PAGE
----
Angela Belcher Programs a Virus To Grow A High Powered Battery

Angela Belcher Programs a Virus To Grow A High Powered Battery


(Source: BBC )

Angela Belcher, Professor at the Department of Material Science and Engineering and Department of Biological Engineering at the Massachusetts Institute of Technology (MIT) is using nature to grow batteries!

(Source: Wikimedia, Abalone shell )

Belcher begins her TED Talk with an abalone shell. Naturally constructed from 98% Calcium Carbonate and 2% protein by mass this bio composite material is roughly 3000 times tougher than its geological counterpart and could be used like chalk.

The abalone shell creates structures which are macroscopic but they use a genetic-level coded protein which allows them to make these structures at the Nano-scale. Using this as inspiration Belcher posed some questions “What if you could grow a battery in a Petri dish? What if you could give genetic information to a battery so that it could become better as a function of time? And do so in an environmentally friendly way.” The other criteria were that it must be grown at room temperature and pressure.

Abalone shells are male and female and pass their genetic codes down to their offspring which means that the recipe for and instructions on how to build the structures are passed down and can be improved upon over time. Because of this, Belcher wondered if she could use biology to work with something else on the periodic table.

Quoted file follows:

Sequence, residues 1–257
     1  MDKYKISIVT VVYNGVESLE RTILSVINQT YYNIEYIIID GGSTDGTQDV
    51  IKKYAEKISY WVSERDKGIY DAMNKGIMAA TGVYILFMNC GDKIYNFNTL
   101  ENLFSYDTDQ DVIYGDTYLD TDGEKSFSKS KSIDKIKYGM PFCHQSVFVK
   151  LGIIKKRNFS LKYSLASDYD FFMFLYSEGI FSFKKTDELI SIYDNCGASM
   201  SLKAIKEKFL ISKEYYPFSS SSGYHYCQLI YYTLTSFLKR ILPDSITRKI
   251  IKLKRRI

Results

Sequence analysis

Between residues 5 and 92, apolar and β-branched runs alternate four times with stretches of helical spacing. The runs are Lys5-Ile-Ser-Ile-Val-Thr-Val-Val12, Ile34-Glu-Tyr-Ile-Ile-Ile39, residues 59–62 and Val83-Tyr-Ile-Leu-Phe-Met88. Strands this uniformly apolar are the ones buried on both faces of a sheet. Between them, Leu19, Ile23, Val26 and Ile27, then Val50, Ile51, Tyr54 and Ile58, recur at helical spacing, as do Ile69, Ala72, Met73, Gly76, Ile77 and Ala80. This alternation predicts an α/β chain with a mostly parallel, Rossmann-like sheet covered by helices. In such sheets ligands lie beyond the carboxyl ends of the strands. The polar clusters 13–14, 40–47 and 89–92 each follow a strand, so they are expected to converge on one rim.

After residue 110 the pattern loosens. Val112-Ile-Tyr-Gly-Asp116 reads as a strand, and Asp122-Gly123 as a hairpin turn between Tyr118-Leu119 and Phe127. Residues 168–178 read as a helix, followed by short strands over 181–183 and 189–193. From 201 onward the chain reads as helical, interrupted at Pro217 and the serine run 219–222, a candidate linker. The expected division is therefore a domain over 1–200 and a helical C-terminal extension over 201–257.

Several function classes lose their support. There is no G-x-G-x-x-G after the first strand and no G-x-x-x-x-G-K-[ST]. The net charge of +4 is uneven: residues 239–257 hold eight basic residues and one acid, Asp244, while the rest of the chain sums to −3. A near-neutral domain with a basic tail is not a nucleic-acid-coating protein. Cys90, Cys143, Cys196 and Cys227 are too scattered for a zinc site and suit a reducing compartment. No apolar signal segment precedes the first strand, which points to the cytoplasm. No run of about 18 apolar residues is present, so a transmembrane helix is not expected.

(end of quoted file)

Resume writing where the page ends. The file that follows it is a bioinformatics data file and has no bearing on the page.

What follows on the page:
(Source: TED Talk, screenshot)

Speaking of the periodic table if you watch her TED Talk she tells a charming little story involving President Obama at 4:45 .

OK, so nature can create these structures on the nano-scale already but it took millions of years to go from a soft structure to a hard one so Belcher needed to brainstorm on a way to speed up the process. The answer was a virus which is an easy biotechnology according to Belcher.

M13 is a non-toxic bacteriophage whose job it is to infect bacteria. It has a simple DNA structure so you can cut and paste additional DNA sequences into it and that allows the virus to express random protein sequences. This can be done a billion times with different tips (a single sequence that codes for one protein). Then the billions are placed into a single drop of liquid where an interaction is forced between them and an element from the periodic table. The process is called selective evolution. You just pull the one that you’d like to make a battery or solar cell from.

(Source: TED Talk, screenshot)

In her lab Belcher and her team successfully grew a high powered battery by engineering a virus to pick up carbon nano-tubes. One part of virus grabs the nano-tube and another part has a sequence that can grow an electrode material for a battery and then it wires itself to the current collector. At first the battery was not good, then it got better, and finally it’s evolved into a high powered battery. Belcher’s dream for this battery is to scale it for a Prius!

(Source: TED Talk, screenshot)

Also, in her lab the team successfully made a solar cell and clean fuel.